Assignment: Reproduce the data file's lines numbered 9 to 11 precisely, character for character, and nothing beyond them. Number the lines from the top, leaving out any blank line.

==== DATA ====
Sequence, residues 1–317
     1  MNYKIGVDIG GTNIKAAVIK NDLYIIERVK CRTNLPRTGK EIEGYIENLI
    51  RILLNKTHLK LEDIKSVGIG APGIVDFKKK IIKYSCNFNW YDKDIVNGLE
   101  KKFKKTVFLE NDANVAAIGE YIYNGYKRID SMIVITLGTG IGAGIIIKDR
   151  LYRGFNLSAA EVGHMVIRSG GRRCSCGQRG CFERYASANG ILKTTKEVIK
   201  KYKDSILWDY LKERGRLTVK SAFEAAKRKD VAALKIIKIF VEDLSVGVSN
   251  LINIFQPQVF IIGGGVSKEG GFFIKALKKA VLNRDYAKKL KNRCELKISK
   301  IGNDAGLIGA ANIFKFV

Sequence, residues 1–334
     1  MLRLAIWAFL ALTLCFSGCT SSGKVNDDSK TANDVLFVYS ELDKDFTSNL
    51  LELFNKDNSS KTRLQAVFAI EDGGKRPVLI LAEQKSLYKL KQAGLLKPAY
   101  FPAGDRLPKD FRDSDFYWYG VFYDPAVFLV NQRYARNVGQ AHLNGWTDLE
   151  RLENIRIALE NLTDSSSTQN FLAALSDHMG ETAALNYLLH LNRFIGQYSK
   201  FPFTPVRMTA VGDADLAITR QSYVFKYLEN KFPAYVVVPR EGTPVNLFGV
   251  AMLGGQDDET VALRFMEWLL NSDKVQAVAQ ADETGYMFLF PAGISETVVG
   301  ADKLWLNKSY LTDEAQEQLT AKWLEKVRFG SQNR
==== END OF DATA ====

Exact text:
Sequence, residues 1–334
     1  MLRLAIWAFL ALTLCFSGCT SSGKVNDDSK TANDVLFVYS ELDKDFTSNL
    51  LELFNKDNSS KTRLQAVFAI EDGGKRPVLI LAEQKSLYKL KQAGLLKPAY